We can understand that as many problems have appeared for the industry, also have opportunities, mostly related to the amount and price of certain types of minerals. However, although the industry has a positive outlook towards the future due to its capacity and confidence in facing and responding quickly and effectively to this crisis; It is clear that there will be visible changes in the traditional processes as well as in the typical collaborations and cooperations of the industry, which is currently turning to cooperative work with different smaller local cells that can overcome the vast majority of impediments at the international level, such as it is happening with the international projects of global companies.

If we take back the opinion of Andrew Swart: 

“Practical next steps

Mining and metals leaders will be defined by what they do along the three dimensions of managing a crisis: Respond, Recover, and Thrive. Some key next steps include:

  • Determine how to maintain critical services while ensuring the safety of employees through a number of possible scenarios.
  • Focus efforts on understanding your financial and legal exposure and formulating plans to release cash and maintain financial viability through uncertainty.
  • Consider if the crisis can be used as a catalyst to rethink how and where work is done, improve the ability to collaborate remotely, and accelerate adoption of automation and digital capabilities.”

And again the one from Tom Butler, President and Chief Executive Officer, International Council on Mining and Metals (ICMM), has said in the World Economic Forum:

“...Companies have placed restrictions on work-related travel and have set up hotlines operating 24/7 that provide medical and wellbeing advice, including signposted access to mental health services, for employees and those in the local community.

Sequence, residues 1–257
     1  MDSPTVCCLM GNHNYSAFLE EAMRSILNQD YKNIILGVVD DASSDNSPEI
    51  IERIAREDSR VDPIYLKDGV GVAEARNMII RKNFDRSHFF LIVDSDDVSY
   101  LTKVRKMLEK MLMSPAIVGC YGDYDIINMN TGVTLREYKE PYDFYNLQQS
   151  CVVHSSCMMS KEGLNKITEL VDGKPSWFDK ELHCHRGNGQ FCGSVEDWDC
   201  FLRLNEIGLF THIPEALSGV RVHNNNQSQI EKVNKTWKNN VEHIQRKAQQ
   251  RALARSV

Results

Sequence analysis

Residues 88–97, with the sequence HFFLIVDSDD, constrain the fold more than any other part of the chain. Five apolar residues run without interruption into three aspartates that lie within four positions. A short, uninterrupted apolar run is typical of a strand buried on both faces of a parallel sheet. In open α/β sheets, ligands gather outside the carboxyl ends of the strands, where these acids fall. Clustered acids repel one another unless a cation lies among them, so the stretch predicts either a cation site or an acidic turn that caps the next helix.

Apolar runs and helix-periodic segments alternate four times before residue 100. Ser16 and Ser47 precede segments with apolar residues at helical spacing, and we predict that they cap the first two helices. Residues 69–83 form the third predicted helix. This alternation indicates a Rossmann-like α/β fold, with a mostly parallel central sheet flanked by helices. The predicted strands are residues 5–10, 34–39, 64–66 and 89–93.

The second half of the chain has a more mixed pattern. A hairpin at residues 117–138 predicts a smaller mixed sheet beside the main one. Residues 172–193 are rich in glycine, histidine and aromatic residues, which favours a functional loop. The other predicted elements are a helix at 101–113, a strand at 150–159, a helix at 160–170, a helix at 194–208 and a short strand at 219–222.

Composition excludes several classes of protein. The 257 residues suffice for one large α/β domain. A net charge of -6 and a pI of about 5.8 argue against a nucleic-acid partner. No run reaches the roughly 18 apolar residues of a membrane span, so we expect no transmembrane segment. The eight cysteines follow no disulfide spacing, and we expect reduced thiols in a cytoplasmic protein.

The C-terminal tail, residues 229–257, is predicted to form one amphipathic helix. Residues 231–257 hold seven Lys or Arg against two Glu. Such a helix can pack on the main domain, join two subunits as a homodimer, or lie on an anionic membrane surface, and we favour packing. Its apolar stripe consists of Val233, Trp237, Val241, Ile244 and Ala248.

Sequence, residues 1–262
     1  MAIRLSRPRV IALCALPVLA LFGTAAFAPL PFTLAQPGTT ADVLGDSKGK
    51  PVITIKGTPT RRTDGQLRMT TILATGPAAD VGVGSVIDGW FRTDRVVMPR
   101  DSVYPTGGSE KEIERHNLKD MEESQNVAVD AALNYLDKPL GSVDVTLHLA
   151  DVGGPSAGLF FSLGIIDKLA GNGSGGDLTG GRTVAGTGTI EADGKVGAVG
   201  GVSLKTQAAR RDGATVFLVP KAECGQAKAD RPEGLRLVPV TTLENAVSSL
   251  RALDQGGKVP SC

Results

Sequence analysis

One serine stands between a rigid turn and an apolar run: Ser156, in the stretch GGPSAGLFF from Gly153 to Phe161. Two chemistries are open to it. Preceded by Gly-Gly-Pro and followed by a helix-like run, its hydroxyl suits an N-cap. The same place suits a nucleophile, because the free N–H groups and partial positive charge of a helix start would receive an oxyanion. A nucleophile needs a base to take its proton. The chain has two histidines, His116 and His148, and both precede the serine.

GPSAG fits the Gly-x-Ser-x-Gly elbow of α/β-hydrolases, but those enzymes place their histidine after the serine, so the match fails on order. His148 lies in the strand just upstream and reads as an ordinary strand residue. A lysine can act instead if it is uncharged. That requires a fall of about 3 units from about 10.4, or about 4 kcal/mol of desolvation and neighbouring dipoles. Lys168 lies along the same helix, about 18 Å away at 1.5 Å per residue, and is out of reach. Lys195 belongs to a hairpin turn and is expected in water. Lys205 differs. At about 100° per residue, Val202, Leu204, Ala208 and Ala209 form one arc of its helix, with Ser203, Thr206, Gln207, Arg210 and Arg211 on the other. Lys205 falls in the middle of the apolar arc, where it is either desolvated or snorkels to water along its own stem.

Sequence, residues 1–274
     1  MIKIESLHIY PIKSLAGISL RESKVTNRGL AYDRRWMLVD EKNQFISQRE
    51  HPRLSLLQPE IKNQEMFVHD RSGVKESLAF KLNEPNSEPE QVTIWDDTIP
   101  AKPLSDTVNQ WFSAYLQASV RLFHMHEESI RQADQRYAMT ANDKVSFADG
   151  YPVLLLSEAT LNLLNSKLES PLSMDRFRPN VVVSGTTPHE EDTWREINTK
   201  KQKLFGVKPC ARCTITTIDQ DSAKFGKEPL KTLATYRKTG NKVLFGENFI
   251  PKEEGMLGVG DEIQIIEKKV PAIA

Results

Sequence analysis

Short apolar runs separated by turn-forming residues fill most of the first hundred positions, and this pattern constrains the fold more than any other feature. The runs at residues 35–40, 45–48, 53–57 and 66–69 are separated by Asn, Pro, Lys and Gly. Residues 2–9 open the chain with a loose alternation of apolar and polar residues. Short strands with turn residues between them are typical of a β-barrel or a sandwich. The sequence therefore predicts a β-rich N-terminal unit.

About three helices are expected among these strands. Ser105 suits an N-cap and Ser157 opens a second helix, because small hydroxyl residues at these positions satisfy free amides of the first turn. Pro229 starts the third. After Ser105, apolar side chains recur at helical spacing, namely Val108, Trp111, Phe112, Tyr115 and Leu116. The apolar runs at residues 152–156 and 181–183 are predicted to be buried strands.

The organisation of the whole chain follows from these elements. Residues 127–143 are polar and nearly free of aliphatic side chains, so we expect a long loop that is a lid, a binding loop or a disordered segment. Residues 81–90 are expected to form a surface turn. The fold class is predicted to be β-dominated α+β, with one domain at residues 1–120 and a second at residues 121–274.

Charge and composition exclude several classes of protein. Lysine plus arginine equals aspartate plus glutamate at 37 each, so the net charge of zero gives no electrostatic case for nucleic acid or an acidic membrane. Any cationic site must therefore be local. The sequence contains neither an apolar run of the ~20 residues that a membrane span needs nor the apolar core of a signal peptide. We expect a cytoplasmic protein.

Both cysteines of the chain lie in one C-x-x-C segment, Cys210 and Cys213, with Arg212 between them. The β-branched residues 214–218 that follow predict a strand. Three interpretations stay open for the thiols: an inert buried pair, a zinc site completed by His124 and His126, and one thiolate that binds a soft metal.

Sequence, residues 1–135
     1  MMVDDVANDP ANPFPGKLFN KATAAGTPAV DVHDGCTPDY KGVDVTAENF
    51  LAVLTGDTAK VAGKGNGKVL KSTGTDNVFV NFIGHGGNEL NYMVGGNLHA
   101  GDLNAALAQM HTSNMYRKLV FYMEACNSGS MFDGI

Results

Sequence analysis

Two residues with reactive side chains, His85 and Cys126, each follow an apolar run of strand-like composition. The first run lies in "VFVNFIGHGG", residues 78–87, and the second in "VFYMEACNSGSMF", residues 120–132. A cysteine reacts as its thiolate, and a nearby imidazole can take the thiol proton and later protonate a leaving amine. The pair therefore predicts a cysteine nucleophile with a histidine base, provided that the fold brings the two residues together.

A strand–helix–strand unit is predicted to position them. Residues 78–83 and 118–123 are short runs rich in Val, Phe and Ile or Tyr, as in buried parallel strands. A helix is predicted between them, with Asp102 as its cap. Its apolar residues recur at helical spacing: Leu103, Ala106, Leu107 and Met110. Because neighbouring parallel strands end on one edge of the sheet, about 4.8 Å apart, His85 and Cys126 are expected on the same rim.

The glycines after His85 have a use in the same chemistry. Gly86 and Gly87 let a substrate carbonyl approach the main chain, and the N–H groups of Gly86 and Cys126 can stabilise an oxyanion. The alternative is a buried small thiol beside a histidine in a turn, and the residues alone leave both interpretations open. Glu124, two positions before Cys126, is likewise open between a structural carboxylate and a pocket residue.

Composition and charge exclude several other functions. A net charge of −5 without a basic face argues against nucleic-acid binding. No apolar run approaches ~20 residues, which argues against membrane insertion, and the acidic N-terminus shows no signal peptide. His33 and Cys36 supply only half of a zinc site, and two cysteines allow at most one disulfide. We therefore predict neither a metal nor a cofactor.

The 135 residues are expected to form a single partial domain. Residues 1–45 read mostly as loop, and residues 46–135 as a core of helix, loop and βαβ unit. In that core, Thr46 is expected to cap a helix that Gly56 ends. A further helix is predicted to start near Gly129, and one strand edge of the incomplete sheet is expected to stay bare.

...Each country has responded differently to the pandemic and in many countries the response differs across states and regions. Our members are therefore working closely with health authorities to ensure all sites are adhering to national and local guidance…”

...While the sector may not have got it right every time, COVID-19 has undoubtedly led to the refocusing and reframing of relationships with local community groups...”

We can understand that although the logistical economic blow is very important in the mining industry, both from the companies and the authorities of each country, the focus has been placed on collaboration with local communities and their local capacities always under the adoption of new agreements and strategic alliances that work with the extra health and safety regulations that the pandemic has imposed.

This mutual commitment is estimated to be very useful to compensate the losses of the industrial sector, to recover the speed of the processes, reaffirm the relationship with local communities and distribute the opportunities of the work chain to the small and medium-sized companies of each region.

As a result of this strategy of collaboration and restructuring from global to local, industry leaders estimate that 2021 will see a change in the ways of working, processes, and thus also an expansion of projects, giving rise to the emergence of "new" companies with local scope for global projects.